Cellular Distributed Antenna Systems (DAS)
Benefits of Cellular distributed antenna systems (DAS)
Cellular distributed antenna systems deliver improved voice and data performance inside modern buildings. This has an impact on public health and safety and can increase the value of your property. Dropped cell phone calls and poor internet service can drive away customers, tenants, and guests.
Fortunately, you can get the service you need without sacrificing flexibility or breaking the bank by working with a trusted provider, such as Network Cabling Systems (NCS).
Why You Need Distributed Antenna Systems
Certain construction materials can make it more difficult to establish Wi-Fi and cellular services inside buildings. These materials include metal, concrete, and low-E windows, which are especially prevalent in LEED-certified buildings. To exacerbate the issue, the number of personal devices connected to cellular services continues to increase, and the more we connect, the higher the risk of interrupted cellular service.
With continued low signals, you may find that you frequently drop calls. That can be frustrating, to say the least!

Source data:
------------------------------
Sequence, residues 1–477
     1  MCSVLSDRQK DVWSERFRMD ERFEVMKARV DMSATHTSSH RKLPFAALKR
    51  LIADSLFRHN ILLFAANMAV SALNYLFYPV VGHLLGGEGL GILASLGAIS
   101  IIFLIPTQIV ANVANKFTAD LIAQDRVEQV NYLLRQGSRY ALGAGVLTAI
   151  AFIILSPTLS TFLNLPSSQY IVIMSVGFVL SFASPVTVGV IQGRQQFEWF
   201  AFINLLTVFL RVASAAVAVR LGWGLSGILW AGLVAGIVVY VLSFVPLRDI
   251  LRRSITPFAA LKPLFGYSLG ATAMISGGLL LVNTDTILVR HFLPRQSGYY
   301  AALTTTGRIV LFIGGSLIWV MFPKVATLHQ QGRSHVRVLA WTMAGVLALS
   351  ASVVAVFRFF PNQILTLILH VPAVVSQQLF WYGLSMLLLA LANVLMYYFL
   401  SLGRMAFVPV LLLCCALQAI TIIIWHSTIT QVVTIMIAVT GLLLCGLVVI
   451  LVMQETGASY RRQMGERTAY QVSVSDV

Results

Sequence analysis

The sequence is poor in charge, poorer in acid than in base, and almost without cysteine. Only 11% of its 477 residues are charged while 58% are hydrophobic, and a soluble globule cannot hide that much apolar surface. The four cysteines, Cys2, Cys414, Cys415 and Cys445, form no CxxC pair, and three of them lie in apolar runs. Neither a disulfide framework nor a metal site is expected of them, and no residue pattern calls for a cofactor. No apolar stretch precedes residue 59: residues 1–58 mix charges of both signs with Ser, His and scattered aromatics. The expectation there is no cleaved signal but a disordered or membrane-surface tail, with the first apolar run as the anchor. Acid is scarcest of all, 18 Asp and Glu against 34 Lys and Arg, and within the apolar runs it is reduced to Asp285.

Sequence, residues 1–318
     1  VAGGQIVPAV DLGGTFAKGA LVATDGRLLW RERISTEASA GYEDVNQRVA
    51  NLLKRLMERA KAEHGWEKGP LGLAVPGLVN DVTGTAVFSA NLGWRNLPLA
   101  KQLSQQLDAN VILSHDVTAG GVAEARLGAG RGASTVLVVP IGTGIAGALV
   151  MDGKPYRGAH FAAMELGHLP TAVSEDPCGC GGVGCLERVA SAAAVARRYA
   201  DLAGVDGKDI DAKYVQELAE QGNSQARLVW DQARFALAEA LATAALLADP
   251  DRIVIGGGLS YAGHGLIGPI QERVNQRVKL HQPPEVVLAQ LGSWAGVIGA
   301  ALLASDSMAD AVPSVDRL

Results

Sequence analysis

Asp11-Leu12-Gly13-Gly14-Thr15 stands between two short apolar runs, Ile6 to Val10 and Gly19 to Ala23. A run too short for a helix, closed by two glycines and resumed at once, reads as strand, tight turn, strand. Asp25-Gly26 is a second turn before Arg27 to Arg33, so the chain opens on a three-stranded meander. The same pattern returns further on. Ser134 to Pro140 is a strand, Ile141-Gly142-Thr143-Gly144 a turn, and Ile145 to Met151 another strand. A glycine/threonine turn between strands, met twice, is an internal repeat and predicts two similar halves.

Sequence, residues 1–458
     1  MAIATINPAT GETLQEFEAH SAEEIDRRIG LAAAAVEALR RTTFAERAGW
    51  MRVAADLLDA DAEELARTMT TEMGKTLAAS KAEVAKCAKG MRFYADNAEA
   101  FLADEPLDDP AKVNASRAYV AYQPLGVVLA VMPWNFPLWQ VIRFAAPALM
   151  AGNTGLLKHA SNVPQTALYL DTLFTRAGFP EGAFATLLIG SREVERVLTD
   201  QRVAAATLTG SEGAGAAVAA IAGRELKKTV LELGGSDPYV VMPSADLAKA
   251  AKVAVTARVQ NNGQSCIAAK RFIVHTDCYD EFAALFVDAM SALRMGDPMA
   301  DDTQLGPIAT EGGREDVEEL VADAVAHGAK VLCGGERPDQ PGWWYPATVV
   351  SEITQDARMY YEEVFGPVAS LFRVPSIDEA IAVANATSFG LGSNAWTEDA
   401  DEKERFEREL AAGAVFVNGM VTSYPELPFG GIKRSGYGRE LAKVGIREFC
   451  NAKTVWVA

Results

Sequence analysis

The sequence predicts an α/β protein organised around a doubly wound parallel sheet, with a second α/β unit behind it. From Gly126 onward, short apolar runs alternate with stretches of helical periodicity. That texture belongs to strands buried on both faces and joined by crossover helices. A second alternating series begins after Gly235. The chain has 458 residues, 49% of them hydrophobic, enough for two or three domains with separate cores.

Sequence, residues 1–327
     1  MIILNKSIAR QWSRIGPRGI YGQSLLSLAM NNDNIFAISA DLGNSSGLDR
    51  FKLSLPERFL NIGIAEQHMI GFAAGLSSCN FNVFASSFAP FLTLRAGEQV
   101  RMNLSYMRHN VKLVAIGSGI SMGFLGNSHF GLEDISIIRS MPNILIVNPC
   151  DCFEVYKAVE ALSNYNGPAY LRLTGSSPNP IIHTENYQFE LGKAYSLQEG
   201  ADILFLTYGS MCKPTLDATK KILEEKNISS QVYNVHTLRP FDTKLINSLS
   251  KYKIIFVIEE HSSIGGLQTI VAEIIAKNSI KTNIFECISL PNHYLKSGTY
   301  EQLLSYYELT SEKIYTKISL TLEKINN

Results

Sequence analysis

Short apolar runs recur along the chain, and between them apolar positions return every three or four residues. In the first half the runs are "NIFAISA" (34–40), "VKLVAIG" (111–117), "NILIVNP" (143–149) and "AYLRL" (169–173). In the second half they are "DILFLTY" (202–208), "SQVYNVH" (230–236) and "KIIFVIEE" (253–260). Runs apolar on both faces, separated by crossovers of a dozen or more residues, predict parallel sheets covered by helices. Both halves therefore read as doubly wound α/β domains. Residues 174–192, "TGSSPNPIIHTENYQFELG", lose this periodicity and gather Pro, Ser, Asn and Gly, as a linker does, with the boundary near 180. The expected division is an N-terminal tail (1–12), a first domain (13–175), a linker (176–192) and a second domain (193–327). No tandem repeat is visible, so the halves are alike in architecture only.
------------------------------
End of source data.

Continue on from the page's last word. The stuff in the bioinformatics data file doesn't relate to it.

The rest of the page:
Many consumers can benefit from installing a DAS, and the law may require it. The NFPA & IFC set regulations for requirements in local municipalities. Specifically, first responders need reliable communications to respond to emergencies using UHF/VHF and 700 Mhz/800 MHz frequencies. However, you won’t have to worry about interrupting emergency communications with DAS.
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About DAS Systems
A distributed antenna system, also known as an in-building wireless system, can improve poor reception for your devices. Using these systems, a series of small antennas boosts the cellular signal, acting as repeaters to provide full-strength service inside buildings.
You may wonder how this works. The antennas connect to the head-end controller within a wireless carrier’s network.